By ANDREW NELSON, Staff Writer | Published February 6, 2020
ROME—Beth Abbott walked into St. Mary’s School for her first teaching position and remains at the Rome school 28 years later.
The school’s caring, family atmosphere has kept her there. Her three children went through the school, with the youngest to graduate in the spring.
It fell to her eighth-grade daughter to share the news of being the school’s honoree at the archdiocese’s annual banquet for Catholic education. Students gathered for prayer and announcements in the gym as the student body does daily. Abbot noticed her daughter was absent, but presumed she was helping another teacher. Then out comes Audrey with an armful of flowers to share the news. Abbott joked that pandemonium ensued as she received the accolades of the school community.
Abbott moved to the Rome community during high school. She attended nearby Berry College, where her father worked. Her mother was a nurse. She graduated with a degree in early childhood education. She remembered always wanting to be a teacher.
She learned of the job opening through a friend. Abbott attends Garden Lakes Baptist Church and didn’t know St. Mary’s School existed. For the job interview, she talked with then-principal Sister Regina Hlavac, who was a member of the Daughters of Charity of St. Vincent de Paul religious community. Up to that time, Abbott said her only familiarity with religious sisters was what she saw in the “Sound of Music.”
After an interview, Abbott began as a teacher. She taught third grade the first year but since then it has been kindergarten.
School leaders reported Abbott is the teacher graduates of St. Mary want to visit when they return to the school. She is remembered for always being willing to try new things to help students learn and feel comfortable in her classroom. This desire to grow as a teacher has resulted in her nomination as a Disney Teacher of the Year.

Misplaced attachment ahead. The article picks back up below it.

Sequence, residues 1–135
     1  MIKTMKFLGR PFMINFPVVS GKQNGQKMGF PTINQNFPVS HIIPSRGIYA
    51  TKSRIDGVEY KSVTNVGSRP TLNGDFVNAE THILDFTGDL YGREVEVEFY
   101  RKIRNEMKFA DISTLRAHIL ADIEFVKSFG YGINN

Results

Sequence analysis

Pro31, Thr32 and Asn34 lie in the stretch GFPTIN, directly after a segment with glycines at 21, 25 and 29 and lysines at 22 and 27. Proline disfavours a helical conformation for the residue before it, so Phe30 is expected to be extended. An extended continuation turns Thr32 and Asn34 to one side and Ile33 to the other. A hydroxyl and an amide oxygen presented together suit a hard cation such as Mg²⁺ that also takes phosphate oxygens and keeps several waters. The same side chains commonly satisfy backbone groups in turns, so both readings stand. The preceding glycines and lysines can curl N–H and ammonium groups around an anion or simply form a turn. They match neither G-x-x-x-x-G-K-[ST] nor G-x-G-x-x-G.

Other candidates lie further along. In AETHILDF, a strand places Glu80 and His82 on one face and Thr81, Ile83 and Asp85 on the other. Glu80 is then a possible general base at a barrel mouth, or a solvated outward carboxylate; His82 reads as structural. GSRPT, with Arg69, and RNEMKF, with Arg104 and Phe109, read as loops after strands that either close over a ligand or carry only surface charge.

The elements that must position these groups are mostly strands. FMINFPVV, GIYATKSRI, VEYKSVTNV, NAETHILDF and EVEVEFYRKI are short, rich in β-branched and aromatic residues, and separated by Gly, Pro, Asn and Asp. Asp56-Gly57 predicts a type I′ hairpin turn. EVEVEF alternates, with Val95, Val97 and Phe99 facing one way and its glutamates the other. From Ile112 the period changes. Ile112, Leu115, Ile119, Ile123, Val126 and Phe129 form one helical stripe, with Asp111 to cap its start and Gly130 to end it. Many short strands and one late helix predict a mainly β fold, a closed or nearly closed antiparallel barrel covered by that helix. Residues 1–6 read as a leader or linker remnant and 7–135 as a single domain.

In her class of 22 students, there are few chairs for youngsters. Students select for themselves whether to sit on the floor at a lowered desk. Others choose to use a standing desk, or a stability ball, while some grab clipboards and do activities while sprawled on the floor.
Abbott said she found a student’s comfort is key to learning. Whatever their needs, Abbott said she tries to accommodate them. The more comfortable the youngsters are with their needs, the more they will absorb and learn, she said.
Some 225 students are enrolled at St. Mary’s from pre-K3 to eighth grade. About half the students are Catholic.
Abbott said while she’s learned Catholic prayers, she believes the goals are to form the students into good people and good Christians. Catholics and Protestants worship the same God and believe in the same Jesus, she said.
She said a highlight is hearing from students long gone. Abbot said she received a note from a former student who broke the news she was expecting a child by saying she hopes Abbot will still be in front of the classroom in five or six years.
For her, success looks like students heading to first grade confident, and even if they are still troubled by reading, on the road to mastery with a love of learning.